A better, but overlong, title for this would be “Why grammar schools don’t work for all and why ‘grammar schools for all’ (probably) won’t work”.
At the birth of the comprehensive school movement, prime minster Harold Wilson made his well-known rallying cry, “Grammar schools for all’! Every child, no matter their background, or academic potential could go to a school which would share the values of the selective Grammar schools. It was a lovely idea and, as we all know, it failed to materialise. The reality, for very many children, became secondary moderns for all. Of course Wilson was well-intentioned; of course he can’t be blamed for the slide into child-centred ideology; of course he had no way of foreseeing the nightmare that was to come. But he was an optimist, and an unscrupulous one at that.
In particular, it would be unfair to blame Wilson for failing to foresee the formulation of group socialisation theory. Judith Rich Harris was an academic outsider who was able to say the unsayable and point out that parenting has practically no effect on how children turn out. For a long time we’ve known that pretty much all human characteristics are roughly 50% heritable. That is to say, biologically determined by our parents’ genes. That leaves another 50% to be accounted for by the environment and, until Harris, the environment was synonymous with the nurture provided by our parents. Her contribution to developmental psychology was to observe that culture is primarily transmitted between peers and that the missing 50% could, almost in its entirety, be attributed to what she dubbed group socialisation. I won’t go into the elegant trail of evidence she offered up here, but I would point you to her fantastically well-researched and very readable book, The Nurture Assumption.
What’s all this got to do with grammar schools? Well, group socialisation theory predicts that the most important variable for determining children’s educational success is the peer culture at their school. In a selective school, parents go to some trouble to make sure their children pass a demanding entrance exam and, although some people don’t want to admit it, grammar schools serve largely homogenous populations of parents with similar socioeconomic status. Parents’ values are handed down to children whilst they’re at home and continue to hold sway as long as these are values shared by a critical mass on the child’s peer group. If a small minority of students from different socioeconomic backgrounds attend the school, they will take on the values shared by their peers and abandon those of their parents. They’ll start to speak differently – at least whilst at school – and, because the school is academically selective, they’re likely to take on beliefs about the value of hard work and be increasingly motivated by academic achievement.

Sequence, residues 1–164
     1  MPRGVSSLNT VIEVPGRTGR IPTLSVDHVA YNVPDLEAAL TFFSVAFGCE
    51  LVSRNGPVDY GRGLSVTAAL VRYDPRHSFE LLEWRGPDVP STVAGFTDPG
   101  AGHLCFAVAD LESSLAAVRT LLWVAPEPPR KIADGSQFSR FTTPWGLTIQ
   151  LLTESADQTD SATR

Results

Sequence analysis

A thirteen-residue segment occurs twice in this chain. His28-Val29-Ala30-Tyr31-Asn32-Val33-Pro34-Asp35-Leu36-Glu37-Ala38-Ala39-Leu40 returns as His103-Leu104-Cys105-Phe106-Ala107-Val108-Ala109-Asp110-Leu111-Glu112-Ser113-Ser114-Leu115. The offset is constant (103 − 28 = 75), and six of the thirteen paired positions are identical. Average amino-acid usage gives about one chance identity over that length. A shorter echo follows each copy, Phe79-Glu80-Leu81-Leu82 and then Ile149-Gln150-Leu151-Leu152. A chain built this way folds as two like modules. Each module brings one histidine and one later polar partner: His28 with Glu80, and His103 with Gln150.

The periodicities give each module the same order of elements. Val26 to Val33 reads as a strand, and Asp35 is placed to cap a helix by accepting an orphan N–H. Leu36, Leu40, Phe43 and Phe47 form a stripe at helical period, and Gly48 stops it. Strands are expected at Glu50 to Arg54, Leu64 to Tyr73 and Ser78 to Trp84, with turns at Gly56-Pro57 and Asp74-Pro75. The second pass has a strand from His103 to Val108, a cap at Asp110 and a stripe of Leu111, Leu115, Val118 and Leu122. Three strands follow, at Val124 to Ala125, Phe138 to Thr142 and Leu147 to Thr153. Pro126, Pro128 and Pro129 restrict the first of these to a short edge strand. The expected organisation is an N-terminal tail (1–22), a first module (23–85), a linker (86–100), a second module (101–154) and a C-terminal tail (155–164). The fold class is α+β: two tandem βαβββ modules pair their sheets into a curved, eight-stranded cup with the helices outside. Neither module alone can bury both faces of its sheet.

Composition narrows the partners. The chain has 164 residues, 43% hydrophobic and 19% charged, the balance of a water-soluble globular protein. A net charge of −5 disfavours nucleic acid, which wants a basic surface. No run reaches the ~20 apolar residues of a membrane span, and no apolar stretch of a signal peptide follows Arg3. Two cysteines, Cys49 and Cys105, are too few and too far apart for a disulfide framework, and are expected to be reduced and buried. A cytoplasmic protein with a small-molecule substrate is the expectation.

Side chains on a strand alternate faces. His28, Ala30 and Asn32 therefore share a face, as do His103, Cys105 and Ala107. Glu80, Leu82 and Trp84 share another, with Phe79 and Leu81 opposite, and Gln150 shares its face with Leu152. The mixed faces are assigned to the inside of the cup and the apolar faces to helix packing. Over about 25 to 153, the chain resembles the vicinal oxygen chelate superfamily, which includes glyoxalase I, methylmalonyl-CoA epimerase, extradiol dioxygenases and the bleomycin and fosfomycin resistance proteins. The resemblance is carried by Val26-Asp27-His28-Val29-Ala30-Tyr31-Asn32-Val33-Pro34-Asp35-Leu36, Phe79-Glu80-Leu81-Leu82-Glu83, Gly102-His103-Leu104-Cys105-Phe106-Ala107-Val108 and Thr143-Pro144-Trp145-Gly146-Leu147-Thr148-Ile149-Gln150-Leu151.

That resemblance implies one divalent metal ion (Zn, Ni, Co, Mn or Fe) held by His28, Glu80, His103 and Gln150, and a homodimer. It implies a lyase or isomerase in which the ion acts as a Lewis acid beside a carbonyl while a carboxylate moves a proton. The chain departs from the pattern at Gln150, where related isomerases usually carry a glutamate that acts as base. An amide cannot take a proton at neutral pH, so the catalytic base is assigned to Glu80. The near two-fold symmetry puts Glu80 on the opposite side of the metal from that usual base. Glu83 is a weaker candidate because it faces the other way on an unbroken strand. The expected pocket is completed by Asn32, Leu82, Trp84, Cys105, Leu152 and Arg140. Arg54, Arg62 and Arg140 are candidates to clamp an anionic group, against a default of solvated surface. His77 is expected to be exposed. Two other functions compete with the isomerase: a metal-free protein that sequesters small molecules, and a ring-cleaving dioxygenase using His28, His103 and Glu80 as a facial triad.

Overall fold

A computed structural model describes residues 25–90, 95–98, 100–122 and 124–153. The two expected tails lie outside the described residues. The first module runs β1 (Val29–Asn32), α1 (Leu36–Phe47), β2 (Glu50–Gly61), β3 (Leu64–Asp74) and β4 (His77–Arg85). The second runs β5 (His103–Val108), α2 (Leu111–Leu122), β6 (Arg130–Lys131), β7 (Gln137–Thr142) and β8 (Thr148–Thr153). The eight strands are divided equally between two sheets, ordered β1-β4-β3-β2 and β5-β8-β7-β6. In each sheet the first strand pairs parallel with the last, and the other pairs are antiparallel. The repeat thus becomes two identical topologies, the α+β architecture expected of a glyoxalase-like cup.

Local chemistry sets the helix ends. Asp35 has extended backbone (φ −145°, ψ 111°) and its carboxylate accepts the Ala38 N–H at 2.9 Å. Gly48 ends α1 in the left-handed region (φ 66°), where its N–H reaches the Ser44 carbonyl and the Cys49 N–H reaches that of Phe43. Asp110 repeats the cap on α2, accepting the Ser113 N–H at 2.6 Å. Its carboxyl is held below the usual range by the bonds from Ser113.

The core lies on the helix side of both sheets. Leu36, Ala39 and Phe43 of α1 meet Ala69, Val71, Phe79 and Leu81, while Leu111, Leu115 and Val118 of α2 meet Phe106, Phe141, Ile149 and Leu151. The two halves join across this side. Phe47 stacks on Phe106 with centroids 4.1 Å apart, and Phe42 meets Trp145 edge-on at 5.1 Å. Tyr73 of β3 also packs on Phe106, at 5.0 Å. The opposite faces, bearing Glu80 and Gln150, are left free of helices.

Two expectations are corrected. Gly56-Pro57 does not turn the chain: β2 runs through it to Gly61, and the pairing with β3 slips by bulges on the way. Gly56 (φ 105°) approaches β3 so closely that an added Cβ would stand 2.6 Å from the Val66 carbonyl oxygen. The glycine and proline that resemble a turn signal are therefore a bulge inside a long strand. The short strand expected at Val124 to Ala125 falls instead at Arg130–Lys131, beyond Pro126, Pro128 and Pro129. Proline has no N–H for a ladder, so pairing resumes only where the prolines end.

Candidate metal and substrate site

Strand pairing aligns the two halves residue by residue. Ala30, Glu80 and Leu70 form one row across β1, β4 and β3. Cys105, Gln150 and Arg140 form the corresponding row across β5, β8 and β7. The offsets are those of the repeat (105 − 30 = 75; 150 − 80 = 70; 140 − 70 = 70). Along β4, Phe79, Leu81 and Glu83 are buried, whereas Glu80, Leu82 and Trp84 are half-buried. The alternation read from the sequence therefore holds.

But, if the minority group is large enough – how large Harris admits she doesn’t know but speculates it could be as few as 3 or 4 – then children will identify with those most like themselves and be socialised in opposition to the dominant group. Differences between groups tend to exaggerate over time as they become increasingly distinct. Harris reckons that “no circle is more vicious than the one having to do with intelligence.” (247) The heritability of intelligence actually increase over time from about 50% to as much as 80%; the cleverer you are, the better the choices you’re likely to make, the more likely you are to get cleverer still. Group contrast effects can have an indirect but profound effect on the heritability of IQ. If the group values hard work and good behaviour, individuals within the group will learn more; if the group thinks school is for geeks and trying hard is for losers, individuals within the group will learn less. “What starts as a different attitude to schoolwork might well end up as a difference in average IQ.” (248)
The stereotypes espoused by a group can have a lasting influence on group members. If the group values hard work then it becomes important to identify as a hard worker. If our group values mucking about and being defiant, then that’s how we’re likely to identify. When we find ourselves in situations where we’re torn between two sets of values, we experience what Claude Steele dubbed ‘stereotype threat‘. Steele found that all you had to do to make African-American students perform worse on a test was to give them a pre-test questionnaire which included a question about race. Simply being reminded of our group affiliations is enough to trigger the associated stereotypes about who we’re supposed to be.